Themes and Meanings
Rudolfo A. Anaya’s interest in the close relationship between New Mexico’s geography and local Chicano folk stories, or cuentos, is in evidence in “The Man Who Found a Pistol.” A native of Santa Rosa, a rural town on the New Mexican llano, Anaya has expressed his literary debt to that region’s geography: “It’s harsh environment. I remember most that sense of landscape which is bleak, empty, desolate, across which the wind blows and makes music.” That locale takes on the surrealist tone of a land forgotten by the gods, which reserves for itself numerous supernatural secrets. Nature will reveal its enigmata only to the truly observant character, attuned to his own primal universe.
The metaphysical quest for the true self takes place in the geopolitical concept of Aztlán, the southwestern region United States, presented by Anaya and by other Chicano authors as a place of prophesy. Thus Aztlán’s myths, represented in the local folklore of the Native American, the Spanish, the Mexican, or the Chicano, take on a cosmological dimension or, as defined by Anaya, the mirror by which people know themselves. Anaya states that as a Chicano writer his purpose is “to remind our people about their history and their traditions and their culture and their language, things that are under threat, and liable to disappear if we don’t look closely at ourselves in a historical process.”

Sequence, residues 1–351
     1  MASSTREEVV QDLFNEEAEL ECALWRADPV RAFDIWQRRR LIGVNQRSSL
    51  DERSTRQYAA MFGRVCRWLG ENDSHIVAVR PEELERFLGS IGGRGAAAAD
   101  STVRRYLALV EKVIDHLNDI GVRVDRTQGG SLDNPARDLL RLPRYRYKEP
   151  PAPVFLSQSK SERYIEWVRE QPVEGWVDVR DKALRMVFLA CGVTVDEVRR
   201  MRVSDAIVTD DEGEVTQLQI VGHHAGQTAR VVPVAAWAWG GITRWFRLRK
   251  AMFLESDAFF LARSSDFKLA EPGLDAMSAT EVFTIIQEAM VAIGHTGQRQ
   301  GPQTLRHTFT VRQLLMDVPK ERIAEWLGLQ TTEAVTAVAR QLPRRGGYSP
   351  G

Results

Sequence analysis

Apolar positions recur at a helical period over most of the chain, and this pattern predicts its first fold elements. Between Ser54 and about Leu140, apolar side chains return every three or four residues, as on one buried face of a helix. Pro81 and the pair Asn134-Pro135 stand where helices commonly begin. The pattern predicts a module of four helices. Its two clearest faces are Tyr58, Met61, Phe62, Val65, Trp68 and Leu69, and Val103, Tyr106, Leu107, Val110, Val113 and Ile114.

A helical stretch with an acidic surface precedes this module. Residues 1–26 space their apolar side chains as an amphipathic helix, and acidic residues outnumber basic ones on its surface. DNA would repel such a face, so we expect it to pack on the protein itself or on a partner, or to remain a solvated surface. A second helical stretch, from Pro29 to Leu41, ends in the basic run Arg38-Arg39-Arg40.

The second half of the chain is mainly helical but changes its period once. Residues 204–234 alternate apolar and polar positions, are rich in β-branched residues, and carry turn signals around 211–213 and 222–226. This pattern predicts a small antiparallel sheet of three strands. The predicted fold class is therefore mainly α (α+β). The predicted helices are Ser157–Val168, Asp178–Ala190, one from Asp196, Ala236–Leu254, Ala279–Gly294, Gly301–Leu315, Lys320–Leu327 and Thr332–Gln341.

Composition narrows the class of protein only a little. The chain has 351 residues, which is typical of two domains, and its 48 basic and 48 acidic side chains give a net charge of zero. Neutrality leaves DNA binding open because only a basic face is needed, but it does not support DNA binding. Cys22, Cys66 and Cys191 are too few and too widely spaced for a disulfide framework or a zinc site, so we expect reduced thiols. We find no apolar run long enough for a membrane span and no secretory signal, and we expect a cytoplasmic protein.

“The Man Who Found a Pistol” sets two...
(The entire section is 475 words.)